But the backstory here rears its head as surely as the music, and without overt references to drugs and alcohol. Prison records, women and the grind of the road (sometimes all three) pepper the plot as the Seasons assume a thuggish bravado behind closed doors. DeVito’s money and tax problems color the scenes even as the Mob is called on to keep him in line. All the while, the group continues its assault on the ’60s charts, its schizophrenic mien largely consigned from prying eyes.

That’s where helmer Des McAnuff comes in. A former Playhouse artistic director, McAnuff premiered the show and is a singer and musician himself — hence the keen sense of cadence he bestows on the men’s private tribulations (the 1980 drug-overdose death of Valli’s daughter Francine is especially well-cast). Amid it all, and thanks to McAnuff’s colossal coaching, the performers swirl in and out of their narratives like child’s play. Klara Zieglerova’s bare-bones grid of a set lets the story and music take command, as do Howell Binkley’s lights and Jess Goldstein’s costumes. Gaudio’s music and Crewe’s lyrics underscore a varied and intriguing sweep of a story.

Frankie Valli (left, Aaron deJesus, alternately Miguel Jarquin-Moreland) makes peace with Tommy DeVito (Matthew Dailey) over the latest flap to shadow the Four Seasons.

In 2006, a La Jolla Playhouse PR official declared that I was to be refused house-provided comps to the company’s shows, partly amid my insistence in another publication that McAnuff often couldn’t direct traffic in the desert. It’s been my experience that he has little acumen for the historical values (or sensitivities) that shaped several Playhouse entries during his tenure, and it’s my belief that my restriction persists even as Des left the Playhouse in 2007.

(My publication intervened at the time, paying my way in — so take that.)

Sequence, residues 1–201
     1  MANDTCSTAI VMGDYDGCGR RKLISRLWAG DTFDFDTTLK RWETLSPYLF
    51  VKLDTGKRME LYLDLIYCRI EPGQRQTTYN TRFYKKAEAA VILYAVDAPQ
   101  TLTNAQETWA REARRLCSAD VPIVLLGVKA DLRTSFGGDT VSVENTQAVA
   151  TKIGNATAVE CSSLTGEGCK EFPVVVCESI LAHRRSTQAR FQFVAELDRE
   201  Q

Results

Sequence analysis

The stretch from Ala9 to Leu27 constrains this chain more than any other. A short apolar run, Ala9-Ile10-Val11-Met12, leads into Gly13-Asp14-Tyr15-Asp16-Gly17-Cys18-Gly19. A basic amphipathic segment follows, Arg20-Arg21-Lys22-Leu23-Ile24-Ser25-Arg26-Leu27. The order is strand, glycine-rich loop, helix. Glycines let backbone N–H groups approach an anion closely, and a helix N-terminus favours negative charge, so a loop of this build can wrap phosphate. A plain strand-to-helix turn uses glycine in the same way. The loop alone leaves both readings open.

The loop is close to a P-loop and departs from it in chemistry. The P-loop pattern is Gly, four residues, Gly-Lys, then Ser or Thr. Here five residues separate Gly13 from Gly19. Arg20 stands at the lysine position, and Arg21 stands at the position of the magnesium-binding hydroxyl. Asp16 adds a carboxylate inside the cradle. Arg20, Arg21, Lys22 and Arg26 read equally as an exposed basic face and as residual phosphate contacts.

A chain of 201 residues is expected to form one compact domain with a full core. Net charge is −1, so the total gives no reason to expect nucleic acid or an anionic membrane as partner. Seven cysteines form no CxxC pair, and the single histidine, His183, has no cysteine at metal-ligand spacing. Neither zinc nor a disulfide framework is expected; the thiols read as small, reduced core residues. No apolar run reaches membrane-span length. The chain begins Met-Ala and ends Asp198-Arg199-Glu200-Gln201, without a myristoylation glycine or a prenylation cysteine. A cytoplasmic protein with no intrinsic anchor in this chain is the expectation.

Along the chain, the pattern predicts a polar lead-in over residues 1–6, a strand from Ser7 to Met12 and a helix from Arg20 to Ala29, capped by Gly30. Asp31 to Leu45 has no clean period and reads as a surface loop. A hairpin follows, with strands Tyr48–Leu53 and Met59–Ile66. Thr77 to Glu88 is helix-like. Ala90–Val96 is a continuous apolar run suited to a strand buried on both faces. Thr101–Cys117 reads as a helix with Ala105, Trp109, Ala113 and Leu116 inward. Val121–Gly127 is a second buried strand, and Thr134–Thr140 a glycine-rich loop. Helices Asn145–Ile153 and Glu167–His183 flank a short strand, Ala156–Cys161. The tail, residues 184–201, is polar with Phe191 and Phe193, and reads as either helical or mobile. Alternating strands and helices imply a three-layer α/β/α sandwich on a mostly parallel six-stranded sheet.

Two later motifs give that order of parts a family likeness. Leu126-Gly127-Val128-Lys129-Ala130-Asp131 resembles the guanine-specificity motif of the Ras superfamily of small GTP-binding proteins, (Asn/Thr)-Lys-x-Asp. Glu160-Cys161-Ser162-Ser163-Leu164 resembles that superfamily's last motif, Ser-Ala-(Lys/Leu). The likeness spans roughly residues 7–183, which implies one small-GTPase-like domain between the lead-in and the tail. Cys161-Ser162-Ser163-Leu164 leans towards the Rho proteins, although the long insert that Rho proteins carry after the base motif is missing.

But as I said following the Jersey Boys premiere, McAnuff, who with Pete Townshend wrote the libretto for The Who’s Tommy, does have a certain way with commercially exploitable material (which the Seasons provided amid the ’60s musical upheaval). In the face of such product, he’s a different director, and it certainly shows here. His Jersey Boys is a very nice piece, entirely worthy of its generous collection of accolades.

This review is based on the media night performance of May 10. Jersey Boys runs through May 14 at Civic Theatre, 1100 Third Ave. downtown. $22-$127. 1-800-745-3000, broadwaysd.com.

Photo of Broadway/San Diego
Broadway/San Diego
Work Civic Theatre 1100 Third Avenue San Diego CA 92101 Work Balboa Theatre 868 Fourth Avenue San Diego CA 92101 Work Phone: 619-570-1100 Website: Broadway/San Diego website
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Martin Jones Westlin

Martin Jones Westlin

Martin Jones Westlin, principal at editorial consultancy Words Are Not Enough and La Jolla Village News editor emeritus, has been a theater critic and editor/writer for 25 of his 47 years... More...